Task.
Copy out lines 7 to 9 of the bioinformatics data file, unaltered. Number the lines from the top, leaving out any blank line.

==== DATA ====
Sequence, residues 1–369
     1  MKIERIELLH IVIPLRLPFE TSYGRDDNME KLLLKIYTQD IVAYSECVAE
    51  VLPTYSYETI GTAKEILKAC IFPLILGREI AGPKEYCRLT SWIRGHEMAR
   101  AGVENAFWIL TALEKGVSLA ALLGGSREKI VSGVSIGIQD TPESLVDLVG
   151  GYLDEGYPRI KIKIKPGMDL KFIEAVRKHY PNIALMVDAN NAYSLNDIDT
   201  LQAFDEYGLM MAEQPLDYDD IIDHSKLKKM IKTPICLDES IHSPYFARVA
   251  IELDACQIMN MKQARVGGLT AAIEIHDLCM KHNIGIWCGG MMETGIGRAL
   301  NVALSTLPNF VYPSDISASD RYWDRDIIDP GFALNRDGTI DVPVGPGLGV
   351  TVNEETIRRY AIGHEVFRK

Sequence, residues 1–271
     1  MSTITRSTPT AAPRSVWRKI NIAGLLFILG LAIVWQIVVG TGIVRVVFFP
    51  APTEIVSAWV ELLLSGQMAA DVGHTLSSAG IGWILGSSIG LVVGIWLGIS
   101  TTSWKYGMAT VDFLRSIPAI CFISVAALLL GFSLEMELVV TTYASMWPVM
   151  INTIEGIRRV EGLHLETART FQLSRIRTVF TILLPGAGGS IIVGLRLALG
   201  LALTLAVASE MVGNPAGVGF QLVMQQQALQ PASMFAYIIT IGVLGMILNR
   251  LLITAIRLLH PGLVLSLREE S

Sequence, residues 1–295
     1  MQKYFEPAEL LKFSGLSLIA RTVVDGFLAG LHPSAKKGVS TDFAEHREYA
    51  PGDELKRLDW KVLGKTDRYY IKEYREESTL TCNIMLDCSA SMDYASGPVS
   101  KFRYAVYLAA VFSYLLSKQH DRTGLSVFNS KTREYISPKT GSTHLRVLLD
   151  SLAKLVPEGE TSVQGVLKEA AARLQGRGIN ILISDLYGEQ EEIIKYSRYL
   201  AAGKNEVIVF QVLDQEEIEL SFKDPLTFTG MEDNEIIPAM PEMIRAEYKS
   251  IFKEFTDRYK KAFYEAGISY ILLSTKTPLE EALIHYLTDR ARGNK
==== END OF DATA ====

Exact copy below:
   251  IELDACQIMN MKQARVGGLT AAIEIHDLCM KHNIGIWCGG MMETGIGRAL
   301  NVALSTLPNF VYPSDISASD RYWDRDIIDP GFALNRDGTI DVPVGPGLGV
   351  TVNEETIRRY AIGHEVFRK